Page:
Her name is Mary McFadden.

Her name is Mary McFadden.

After an exhilarating experience brought about by the Delacroix retrospective at the Metropolitan Museum, I was inspired to wander around the European Art galleries, wondering if I could forge a fresh eye in revisiting some of my Met favorites. Indeed, one caught my attention, a portrait by Théodore Chassériau of Comtesse de la Tour-Maubourg, painted in 1841. I then thought of three things: first, what fashionistas of that era did to immortalize their youth, influence and a good outfit; second, how painters have greatly contributed in documenting fashion history; third, that the subject looked like Mary McFadden--the famed designer who dominated the fashion scene in the ‘70s and ‘80s. If not for the facial depiction, at least for the subject’s coiffure. Like Anna Wintour's weather-proof bob, what's specific about Mary is her hairstyle, always neatly combed and parted in the middle, not a single strand that strayed away from a bed of jet black hair. This is almost the only way you’ll see her if you search on Google images.

And at any age, her hair remained black.

So I reminisced about the time I met the celebrated designer. It was at a birthday dinner party for my gallerist friend Paul Bridgewater, who celebrated his 50th in 2004 at the Andalusia estate in Bucks County, PA. It was an intimate gathering of about 50 guests, comprised mostly of artists and people of varied creative pursuits. I don’t remember meeting anyone else in fashion. Just myself and Mary.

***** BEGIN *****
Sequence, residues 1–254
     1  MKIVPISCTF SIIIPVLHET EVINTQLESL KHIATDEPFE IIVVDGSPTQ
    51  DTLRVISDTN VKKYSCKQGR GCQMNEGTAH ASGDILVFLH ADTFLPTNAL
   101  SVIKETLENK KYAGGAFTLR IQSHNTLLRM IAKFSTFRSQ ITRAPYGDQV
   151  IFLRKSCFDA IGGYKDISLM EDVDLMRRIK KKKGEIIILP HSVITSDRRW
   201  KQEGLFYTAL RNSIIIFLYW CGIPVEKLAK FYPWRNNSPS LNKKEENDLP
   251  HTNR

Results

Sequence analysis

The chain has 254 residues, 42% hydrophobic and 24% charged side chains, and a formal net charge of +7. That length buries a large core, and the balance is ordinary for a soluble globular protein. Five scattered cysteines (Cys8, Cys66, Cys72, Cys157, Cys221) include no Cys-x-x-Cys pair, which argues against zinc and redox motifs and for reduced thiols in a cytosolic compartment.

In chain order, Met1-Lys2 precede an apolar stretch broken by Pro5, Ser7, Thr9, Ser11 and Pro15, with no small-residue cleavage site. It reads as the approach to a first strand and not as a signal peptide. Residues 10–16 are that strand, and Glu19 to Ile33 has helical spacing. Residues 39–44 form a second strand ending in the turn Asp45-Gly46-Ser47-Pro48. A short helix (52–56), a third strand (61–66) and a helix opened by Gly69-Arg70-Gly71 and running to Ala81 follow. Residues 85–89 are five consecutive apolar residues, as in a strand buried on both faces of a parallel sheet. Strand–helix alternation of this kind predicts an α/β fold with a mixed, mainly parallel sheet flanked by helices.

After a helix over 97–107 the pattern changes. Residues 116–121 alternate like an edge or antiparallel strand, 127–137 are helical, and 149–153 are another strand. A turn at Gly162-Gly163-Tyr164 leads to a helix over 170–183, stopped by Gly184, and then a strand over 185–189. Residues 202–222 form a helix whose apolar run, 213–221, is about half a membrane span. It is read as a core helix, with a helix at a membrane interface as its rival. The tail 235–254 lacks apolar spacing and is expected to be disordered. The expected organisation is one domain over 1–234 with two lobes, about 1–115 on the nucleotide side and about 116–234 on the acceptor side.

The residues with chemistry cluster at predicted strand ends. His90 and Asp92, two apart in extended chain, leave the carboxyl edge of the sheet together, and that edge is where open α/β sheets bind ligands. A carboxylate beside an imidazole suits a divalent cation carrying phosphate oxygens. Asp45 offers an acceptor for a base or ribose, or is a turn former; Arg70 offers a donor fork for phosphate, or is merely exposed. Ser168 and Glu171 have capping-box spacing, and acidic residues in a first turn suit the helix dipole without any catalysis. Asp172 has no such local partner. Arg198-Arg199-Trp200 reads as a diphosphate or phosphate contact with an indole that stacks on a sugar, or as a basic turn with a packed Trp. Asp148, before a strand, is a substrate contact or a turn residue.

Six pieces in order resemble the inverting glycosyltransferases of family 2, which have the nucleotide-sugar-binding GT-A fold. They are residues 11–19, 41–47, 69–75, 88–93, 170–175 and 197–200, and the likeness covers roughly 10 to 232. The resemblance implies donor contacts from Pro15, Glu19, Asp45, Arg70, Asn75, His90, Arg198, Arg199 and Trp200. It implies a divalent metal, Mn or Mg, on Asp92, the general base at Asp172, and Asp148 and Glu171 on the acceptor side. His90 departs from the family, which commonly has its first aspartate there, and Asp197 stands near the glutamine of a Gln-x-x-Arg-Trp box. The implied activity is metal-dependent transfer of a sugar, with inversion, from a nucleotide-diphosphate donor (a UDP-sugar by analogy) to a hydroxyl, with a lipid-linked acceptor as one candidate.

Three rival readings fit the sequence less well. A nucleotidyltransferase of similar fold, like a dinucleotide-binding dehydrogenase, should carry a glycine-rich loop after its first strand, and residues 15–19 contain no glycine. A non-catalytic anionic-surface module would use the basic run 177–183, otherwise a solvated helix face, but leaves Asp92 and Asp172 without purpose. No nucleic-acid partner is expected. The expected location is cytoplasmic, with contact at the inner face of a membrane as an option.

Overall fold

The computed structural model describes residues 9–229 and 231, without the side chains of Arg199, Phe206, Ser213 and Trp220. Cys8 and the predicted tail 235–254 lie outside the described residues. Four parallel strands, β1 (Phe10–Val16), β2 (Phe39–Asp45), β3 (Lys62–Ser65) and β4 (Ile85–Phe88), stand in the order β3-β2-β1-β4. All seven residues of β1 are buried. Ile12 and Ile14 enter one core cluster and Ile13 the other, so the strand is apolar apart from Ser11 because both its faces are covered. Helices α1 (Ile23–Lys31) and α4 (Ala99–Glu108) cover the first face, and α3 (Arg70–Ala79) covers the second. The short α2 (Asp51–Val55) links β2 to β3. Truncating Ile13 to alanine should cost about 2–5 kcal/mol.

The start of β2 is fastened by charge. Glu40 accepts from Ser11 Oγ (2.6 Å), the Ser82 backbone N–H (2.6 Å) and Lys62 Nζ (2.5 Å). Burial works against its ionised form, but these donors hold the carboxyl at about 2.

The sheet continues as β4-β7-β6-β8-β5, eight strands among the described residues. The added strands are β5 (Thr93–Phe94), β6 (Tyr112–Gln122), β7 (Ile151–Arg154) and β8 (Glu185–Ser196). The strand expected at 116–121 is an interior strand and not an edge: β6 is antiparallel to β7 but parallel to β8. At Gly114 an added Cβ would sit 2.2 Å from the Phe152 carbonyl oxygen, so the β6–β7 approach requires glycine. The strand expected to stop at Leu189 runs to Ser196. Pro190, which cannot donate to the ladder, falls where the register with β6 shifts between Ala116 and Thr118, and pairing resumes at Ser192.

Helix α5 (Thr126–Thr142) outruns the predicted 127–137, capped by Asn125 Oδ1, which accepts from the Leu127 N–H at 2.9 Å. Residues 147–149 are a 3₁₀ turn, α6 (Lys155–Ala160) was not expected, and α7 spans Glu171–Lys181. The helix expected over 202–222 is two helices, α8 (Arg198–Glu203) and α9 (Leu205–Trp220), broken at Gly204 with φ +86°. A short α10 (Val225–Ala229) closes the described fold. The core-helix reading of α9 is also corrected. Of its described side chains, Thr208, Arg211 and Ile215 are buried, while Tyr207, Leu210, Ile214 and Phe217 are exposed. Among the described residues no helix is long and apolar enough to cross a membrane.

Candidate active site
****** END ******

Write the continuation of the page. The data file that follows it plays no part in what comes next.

When it was time to chow, I saw her sitting alone and eating quietly in a table for 8 people, so I sat next to her, while my ex boyfriend Linas sat on her other side. Immediately, with the enthusiasm of the Queer Eye squad, five other gay men joined us at the table. Apparently, the boys knew who she was, ‘just too intimidated and star-strucked to engage. I was glad to have been the conduit.

She was beautiful, delicate as goldleaf waiting to be applied, a sincere conversationalist who was equally interested in what I did as I was of her celebrity. I remember asking her about that Fortuny-type micro pleated fabric that she’s known for. We also talked about turquoise and how the ones with the most matrix are far more beautiful than the flawless, gem-quality varieties.

On the other side, Linas was also having a unique experience in meeting the designer.

L: “Nice jacket. What brand?”

M: “I designed it.”

L: “Cool. What’s your name?”

I could have buried my face in my hands, but I must admit, there’s an endearing and comedic quality to such fashion credulity, especially being a gay man in New York. He obviously didn’t know her. Linas is a tech genius who could read a Microsoft manual from cover to cover in one seating, yet cannot comprehend why square-toed shoes from Aldo repulsed me with passion.

Remember when I said that Mary is as “delicate as goldleaf ?” Well, later that evening, after large quantities of wine and limoncello were consumed, Mary told a joke that made Linas break into a big laughing streak. While uncontrollably giggling, he pushed (!) Mary’s left shoulder and roared, “You’re too funny! Get out o’ here!”

The boys and I held our breaths in shock, in Jack McFarland fashion. Wind just blew the goldleaf!

I’m sure she wouldn’t recall any part of my little story, but she might remember the man who adored her jacket and laughed at her jokes, seemingly the only gay man at that dinner who didn’t know who she was.

From time to time, Linas would share this tale of the famous designer he almost knocked over at dinner. He’d almost always end the anecdote with the same question: “Who’s that lady again?!”

“Mary. It’s Mary McFadden.”

(Photo of Mary McFadden by James Salzano for the New York Landmarks Conservancy)

“Comtesse de la Tour-Maubourg”, by Théodore Chassériau, 1841.

A walk along Passeig de Gràcia

A walk along Passeig de Gràcia

Southampton, NY

Southampton, NY